@ VB, I recorded this between 21:15 and 21:45 with next to my room a youg boy asleep... so volume.. mhh not realy :D
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Re: Updated 1 Mic pos.

Post by VikingBlues »

HalfBlindLefty wrote:@ VB, I recorded this between 21:15 and 21:45 with next to my room a youg boy asleep... so volume.. mhh not realy :D
Do you recommend the use of a microphone pre-amp if the interface with my computer isn't sensitive enough to pick up the lower volumes effectively?
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HalfBlindLefty
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Re: Updated 1 Mic pos.

Post by HalfBlindLefty »

As you may remember I have a mixer between the microphone and computer interface, so effectivly I am using a preamp.
I even have a Behringer Behringer Ultragain MIC200 tube preamp that I sometimes use.
The thing you should be aware of is that most cheaper preamps will add noise and hiss to the signal.
Yes with adaptive filters you can get rid a part of that dirt on the signal. The drawback, however is that the filters, -even when working with noise samples-, will influence the recorded sound to.

To the amps volume and what the microphone can register :
Below is a screenprint of the left lead signal from the Avion (3) recording
http://soundclick.com/share.cfm?id=11856394
lead signal.jpg
lead signal.jpg (55.65 KiB) Viewed 11951 times
This part was recorded at medium volume level, so without awakening neigbour kids :dance: ( there is 20 cm concrete between my amp and him) :thumbsup:
A quick view of the signal learns that there id a lot of volume difference caused by my playing/picking dynamics.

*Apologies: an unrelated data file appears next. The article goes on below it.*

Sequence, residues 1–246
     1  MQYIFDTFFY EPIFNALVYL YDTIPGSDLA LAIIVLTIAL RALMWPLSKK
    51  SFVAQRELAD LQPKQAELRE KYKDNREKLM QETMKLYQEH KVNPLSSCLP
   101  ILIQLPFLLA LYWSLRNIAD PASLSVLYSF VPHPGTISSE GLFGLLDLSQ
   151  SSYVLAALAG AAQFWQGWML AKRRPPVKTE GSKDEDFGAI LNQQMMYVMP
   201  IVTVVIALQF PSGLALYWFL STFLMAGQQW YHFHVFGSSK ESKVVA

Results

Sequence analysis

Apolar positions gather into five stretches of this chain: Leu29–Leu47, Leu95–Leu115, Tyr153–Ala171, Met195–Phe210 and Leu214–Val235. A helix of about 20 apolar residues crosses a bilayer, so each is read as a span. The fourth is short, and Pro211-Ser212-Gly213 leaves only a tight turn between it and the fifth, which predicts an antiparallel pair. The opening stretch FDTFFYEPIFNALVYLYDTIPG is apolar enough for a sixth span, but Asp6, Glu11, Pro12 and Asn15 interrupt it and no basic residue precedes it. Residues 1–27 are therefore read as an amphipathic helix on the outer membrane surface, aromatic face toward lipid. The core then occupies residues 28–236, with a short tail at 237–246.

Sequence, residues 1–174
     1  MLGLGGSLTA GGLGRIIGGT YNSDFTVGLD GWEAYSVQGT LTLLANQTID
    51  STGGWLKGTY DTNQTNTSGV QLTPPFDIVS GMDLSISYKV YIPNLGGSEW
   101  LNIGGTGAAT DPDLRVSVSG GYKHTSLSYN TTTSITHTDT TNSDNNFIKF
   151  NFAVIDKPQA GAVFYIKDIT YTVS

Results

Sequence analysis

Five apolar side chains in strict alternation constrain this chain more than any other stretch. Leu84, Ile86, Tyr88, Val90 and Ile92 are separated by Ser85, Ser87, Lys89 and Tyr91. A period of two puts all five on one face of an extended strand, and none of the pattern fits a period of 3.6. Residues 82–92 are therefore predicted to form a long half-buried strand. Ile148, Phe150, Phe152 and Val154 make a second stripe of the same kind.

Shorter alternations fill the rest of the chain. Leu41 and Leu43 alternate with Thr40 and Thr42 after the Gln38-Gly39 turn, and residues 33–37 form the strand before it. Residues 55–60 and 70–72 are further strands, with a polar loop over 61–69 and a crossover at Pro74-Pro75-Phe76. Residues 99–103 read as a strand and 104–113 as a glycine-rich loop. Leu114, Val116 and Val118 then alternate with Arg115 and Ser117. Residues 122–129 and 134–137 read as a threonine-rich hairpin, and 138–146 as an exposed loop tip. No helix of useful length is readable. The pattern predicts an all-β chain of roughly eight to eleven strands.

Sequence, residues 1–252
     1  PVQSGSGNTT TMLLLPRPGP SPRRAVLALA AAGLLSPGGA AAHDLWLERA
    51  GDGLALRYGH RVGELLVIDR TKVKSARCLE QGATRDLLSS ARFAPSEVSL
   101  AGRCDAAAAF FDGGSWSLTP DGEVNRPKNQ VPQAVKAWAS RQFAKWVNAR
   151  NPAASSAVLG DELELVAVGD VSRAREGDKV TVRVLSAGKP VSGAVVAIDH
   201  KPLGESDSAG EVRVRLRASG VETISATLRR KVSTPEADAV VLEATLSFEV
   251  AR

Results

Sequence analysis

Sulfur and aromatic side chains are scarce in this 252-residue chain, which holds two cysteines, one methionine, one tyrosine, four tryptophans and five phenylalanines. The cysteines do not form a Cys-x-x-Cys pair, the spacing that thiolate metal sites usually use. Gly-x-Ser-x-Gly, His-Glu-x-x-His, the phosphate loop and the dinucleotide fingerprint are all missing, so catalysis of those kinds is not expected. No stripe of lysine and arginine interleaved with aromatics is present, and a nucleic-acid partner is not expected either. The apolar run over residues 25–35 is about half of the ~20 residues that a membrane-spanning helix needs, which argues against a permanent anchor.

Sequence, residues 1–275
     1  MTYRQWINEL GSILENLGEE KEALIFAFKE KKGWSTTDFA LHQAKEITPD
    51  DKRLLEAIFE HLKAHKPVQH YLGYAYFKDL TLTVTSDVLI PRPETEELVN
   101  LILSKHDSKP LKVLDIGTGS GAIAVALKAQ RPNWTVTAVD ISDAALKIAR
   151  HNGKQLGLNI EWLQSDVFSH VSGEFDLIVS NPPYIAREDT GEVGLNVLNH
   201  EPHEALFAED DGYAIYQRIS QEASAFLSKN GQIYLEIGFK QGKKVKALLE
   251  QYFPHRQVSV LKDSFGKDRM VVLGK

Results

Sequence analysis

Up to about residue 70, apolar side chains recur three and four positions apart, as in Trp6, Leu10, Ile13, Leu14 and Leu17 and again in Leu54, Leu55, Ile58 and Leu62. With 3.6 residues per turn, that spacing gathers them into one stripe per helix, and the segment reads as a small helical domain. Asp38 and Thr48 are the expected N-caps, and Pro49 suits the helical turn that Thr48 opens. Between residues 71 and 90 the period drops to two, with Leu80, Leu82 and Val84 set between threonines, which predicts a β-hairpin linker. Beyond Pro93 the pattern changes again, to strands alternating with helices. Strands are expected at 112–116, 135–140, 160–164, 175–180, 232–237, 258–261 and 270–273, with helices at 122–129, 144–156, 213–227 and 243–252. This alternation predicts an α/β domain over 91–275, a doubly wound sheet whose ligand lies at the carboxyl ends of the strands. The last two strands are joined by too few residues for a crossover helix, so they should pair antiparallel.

The lower my amps volume, the less room there is between 0 and full signal for the dynamics to shine through.
If I would f.i. play at 80 DB sound level, I have ample space allowing a good difference in volume from the guitar.
Would I play at half that volume the room for the differences is split in two too.

So if the microphone isn't picking up low soundlevels to good you're in trouble, you are loosing the lower part of the dynamics. (* refering later on
In my case I would loose a lot of my softly played parts and even worse, the subtile effects I add, like softly touching a note on an adjecent string, tiny bits of vibrato etc)
With a higher volume level that will be audible without a problem.

(* If you would use a cheap mic preamp to get the poorly picked up signal amplified you can notice that the disturbing hiss and noise will be in the way of the guitar notes more than when recording with the amp on a higher volume. !!! What a mic doen'st pick up, can't be amplified either !!!!

So in the end I rather hook up the amps spdif or line out than recording at a too low volume level.

I'm not sure, but to linger on, I think a mic's specs should state the advised volume level to use when recording for best result.
( something about, membrane/coil effectiveness and the delay in going from nothing to a movement, don't ask, please :fingerscrossed: )

The above is not science, just my thought on the subject.
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VikingBlues
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Re: Updated 1 Mic pos.

Post by VikingBlues »

Difficult here in managing to find enough times when i can throttle up the amp to a good enough level that I can hear some of those subtleties you mention. There is usually a point somehwere on the volume dial that has the sound suddenly blossom and come into the room instead of hiding in the amp. If you can't get to that volume where it does that then I think you're right - you might as well record by DI.